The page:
Oil price war will last months, experts say, adding 'pain' to Canada's oilpatch
Dispute between Russia and Saudi Arabia like 'two bald men fighting over a comb,' as pandemic melts oil demand
In the two weeks since an oil price war broke out between Russia and Saudi Arabia, crude prices have plunged to their lowest levels in years, hammering Canada's oilpatch all the way down.
But for all the financial strain inflicted so far by the dispute, experts say there are still months yet to come and, while there may be no winners, it could produce many losers.
"In principle, I don't think anyone can win this war," said Ayham Kamel, head of Eurasia Group's Middle East and North Africa research team.
"It might not be even the Russians or the Saudis that lose this war. It could be U.S. and North American oil producers that suffer the most pain."
Making matters worse, the dispute comes as oil consumption is being crushed by the novel coronavirus pandemic, a situation that could soon turn the price war into a sideshow.
"This ultimately is akin to two bald men fighting over a comb," said Bill Farren-Price, a director with RS Energy Group in London, now part of Enverus.
"This is the worst possible time to have price war in the midst of a demand-side shock, which is what we're seeing from coronavirus."
A fight over market share
Saudi Arabia, the de facto leader of OPEC, and Russia became locked in a war for global oil market share after their three-year deal to restrain output collapsed in early March.
With global oil demand falling because of the coronavirus pandemic, OPEC wanted to deepen supply cuts but Moscow said it would agree only to an extension to the existing pact.
The kingdom has since vowed to increase production to a record 12.3 million barrels per day, and has chartered numerous tankers to ship oil around the world.
While Russia had agreed to restrain output in recent years, analysts say it had grown frustrated that propping up prices was helping shale oil production in the United States. Lower prices, meanwhile, could drive out high-cost producers.
"I think Russia found an opportunity to balance the market in different ways," Kamel said.
Saudi Arabia's aggressive plan to open its taps is viewed as one aimed at pushing Russia back to the negotiating table, but observers caution it won't be easy to get Russian President Vladimir Putin to blink first.
Both sides gird for a long fight
On Friday, the price of West Texas Intermediate (WTI), the North American benchmark, closed at $22.53 US a barrel — capping a remarkable 29-per-cent drop for the week. Brent crude, the global yardstick, fell 20 per cent in the week to close at $26.98 US a barrel.
Such low prices will put a strain on Russia and Saudi Arabia.
According to Bloomberg News, the Russian government's budget breaks even at a price of $42 US a barrel. Moscow has said, however, it could withstand prices of $25-$30 US per barrel up to 10 years.
Farren-Price said the general view is Saudi Arabia's budget requires a Brent price closer to $80 US a barrel, though reports say Riyadh could afford oil at $30 US but would have to sell more crude to soften the hit to its revenues.
Though both countries face budget deficits, each country also has war chests of around $500 billion to weather economic shocks, according to Reuters.
While Russia's advantage may be that its economy is more diversified, Saudi Arabia has the capacity to put a lot more oil onto the market. But everyone hurts at these prices, Farren-Price said.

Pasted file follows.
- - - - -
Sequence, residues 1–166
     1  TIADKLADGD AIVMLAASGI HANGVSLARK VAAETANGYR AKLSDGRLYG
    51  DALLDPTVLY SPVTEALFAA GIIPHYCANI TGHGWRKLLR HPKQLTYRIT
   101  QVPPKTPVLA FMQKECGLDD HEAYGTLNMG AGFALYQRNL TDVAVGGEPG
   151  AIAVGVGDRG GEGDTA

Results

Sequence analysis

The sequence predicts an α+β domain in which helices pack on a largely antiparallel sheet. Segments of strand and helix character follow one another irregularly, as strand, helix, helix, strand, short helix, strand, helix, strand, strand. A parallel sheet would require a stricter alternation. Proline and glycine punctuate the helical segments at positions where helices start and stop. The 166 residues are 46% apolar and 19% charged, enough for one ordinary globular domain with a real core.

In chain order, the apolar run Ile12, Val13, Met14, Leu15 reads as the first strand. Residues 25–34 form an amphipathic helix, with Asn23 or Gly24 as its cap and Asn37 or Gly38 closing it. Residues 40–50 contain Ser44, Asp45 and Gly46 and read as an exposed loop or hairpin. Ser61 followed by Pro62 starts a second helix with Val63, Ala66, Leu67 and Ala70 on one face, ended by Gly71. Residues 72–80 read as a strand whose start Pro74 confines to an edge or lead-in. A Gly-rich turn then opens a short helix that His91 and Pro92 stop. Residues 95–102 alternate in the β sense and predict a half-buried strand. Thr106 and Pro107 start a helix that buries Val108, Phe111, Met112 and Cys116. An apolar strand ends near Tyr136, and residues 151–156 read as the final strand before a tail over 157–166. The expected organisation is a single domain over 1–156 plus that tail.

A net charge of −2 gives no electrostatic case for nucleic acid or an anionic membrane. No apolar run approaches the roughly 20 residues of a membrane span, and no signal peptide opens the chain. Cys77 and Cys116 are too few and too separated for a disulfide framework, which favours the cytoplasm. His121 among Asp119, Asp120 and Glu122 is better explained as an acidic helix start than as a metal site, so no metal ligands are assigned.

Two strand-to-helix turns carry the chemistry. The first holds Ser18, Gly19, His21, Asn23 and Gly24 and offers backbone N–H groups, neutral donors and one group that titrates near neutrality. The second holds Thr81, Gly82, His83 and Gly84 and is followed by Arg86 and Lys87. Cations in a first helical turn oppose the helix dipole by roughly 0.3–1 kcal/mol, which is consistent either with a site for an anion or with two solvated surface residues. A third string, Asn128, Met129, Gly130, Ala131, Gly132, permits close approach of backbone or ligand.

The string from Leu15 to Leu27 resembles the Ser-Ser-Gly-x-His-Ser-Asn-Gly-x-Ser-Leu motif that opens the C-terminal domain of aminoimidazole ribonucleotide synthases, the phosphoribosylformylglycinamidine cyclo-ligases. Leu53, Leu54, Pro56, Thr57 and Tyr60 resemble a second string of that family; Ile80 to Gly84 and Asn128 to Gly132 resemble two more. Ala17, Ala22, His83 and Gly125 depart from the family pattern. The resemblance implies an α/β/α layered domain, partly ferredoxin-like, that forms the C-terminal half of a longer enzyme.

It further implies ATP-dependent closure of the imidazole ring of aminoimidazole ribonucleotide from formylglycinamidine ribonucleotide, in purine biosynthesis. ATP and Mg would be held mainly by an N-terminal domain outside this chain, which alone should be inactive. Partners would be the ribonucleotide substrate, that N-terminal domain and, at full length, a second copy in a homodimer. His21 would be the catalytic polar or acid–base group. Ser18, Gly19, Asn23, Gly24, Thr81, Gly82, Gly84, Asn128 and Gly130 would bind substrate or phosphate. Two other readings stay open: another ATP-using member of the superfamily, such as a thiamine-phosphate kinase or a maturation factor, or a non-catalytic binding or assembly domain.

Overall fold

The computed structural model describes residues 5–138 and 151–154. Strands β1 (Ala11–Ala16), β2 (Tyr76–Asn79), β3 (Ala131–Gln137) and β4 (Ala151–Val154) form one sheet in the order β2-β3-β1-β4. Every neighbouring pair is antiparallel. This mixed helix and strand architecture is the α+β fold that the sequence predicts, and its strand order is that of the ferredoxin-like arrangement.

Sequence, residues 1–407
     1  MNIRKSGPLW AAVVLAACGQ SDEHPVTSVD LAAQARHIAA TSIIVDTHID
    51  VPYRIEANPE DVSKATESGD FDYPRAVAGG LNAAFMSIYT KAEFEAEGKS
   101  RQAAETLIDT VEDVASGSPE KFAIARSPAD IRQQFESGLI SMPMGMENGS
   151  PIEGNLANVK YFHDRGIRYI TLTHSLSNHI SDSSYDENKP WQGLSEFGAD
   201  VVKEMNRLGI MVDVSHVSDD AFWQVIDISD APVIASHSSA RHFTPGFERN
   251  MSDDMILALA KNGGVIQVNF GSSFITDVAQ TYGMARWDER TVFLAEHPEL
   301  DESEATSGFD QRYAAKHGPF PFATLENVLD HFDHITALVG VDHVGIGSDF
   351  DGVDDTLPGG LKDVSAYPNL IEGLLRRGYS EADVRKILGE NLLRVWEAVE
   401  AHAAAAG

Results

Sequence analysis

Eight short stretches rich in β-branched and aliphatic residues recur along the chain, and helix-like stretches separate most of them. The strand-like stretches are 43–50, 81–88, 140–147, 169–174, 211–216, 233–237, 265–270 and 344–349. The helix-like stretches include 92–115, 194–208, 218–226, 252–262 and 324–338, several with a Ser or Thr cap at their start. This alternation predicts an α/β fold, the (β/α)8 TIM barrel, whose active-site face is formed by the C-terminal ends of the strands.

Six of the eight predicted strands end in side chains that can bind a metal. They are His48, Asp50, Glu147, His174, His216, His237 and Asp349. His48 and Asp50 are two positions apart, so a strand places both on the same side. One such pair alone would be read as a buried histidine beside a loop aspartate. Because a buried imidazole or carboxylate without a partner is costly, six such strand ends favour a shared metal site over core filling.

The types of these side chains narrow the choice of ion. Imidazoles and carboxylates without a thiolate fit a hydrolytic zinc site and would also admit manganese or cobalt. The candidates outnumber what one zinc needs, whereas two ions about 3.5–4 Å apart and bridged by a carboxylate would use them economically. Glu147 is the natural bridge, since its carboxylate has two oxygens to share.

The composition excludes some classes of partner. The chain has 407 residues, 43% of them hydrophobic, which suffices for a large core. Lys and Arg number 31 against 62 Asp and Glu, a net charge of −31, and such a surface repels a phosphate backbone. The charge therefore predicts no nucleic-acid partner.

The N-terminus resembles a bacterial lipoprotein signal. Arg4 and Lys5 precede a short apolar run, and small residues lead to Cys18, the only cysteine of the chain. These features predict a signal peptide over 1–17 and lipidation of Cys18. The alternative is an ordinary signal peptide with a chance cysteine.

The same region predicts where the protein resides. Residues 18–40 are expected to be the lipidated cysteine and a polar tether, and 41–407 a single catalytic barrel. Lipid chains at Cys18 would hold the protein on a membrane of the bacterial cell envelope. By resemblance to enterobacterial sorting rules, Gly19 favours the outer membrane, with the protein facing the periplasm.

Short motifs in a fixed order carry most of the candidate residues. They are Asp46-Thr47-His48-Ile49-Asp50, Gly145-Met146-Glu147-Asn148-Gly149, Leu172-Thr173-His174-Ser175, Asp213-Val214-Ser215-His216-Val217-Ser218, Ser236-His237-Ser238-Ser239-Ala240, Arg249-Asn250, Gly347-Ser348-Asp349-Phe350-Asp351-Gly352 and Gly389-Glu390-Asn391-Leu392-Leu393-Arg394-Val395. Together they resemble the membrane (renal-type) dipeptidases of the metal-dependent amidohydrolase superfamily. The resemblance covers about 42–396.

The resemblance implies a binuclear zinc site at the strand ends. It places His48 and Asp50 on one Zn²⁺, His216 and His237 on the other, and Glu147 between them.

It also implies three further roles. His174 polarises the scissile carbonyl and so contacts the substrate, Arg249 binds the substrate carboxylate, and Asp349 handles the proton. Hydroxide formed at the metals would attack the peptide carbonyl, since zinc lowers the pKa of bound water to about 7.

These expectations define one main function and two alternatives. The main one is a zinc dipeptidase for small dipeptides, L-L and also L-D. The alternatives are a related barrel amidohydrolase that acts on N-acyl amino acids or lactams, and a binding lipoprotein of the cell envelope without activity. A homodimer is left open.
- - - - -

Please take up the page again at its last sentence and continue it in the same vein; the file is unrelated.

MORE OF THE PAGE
"That said, I don't see any prospect that Saudi Arabia will step back from what is a pretty strong position that it's laid out. And I don't see the Russians coming back to the table with a tail between their legs."
He thinks movement is unlikely, at least in the next three to six months.
Canadian operators feel the strain
Few observers appear to expect a quick resolution to the price war.
Rather than wait things out, U.S. officials said Friday the Trump administration plans to send a special energy envoy to Saudi Arabia to work with the kingdom on stabilizing the global oil market.
Kamel thinks it's going to take more economic pain and revenue loss to get Russia or Saudi Arabia to move. He thinks it could take up to a year and a half for the process to take place and for new balances in the market to emerge.
But things are happening fast in North America.
Last Wednesday, the price of a barrel of Canadian oilsands crude oil fell to its lowest level ever. Canadian producers are also hunkering down and slashing this year's spending plans.
Energy economist Peter Tertzakian told CBC News this month Canada's oil sector begins to feel financial strain when WTI prices fall below $40 US a barrel, though it varies by company.
The price slump has been devastating to U.S. oil producers, too, some of which have begun putting employees on furlough. Even Texas is weighing curtailment for the first time in decades, according to The Wall Street Journal.
With the pandemic choking economic activity and oil supply increasing, the world is looking at the "possible buildup of the most extreme global oil supply surplus ever recorded," IHS Markit said in a report last week.
Kamel said Canadian oil production isn't the target of the price war but he expects it will be a casualty during the dispute.
"I think you end up with both the American producers and Canadian producers suffering, or ... forced to cut production given their high costs," he said. "High-cost producers … will find it very difficult to deal with this current environment."
He said it's not yet clear how difficult things could get for Canada's oil sector, adding governments can provide support. It's been reported Ottawa is to reveal its strategy for helping the sector shortly.
"But they cannot do it indefinitely," Kamel said. "Until it becomes clear where the global economy is moving toward in 2020, it won't be clear to us how bad the damage is."
With files from Reuters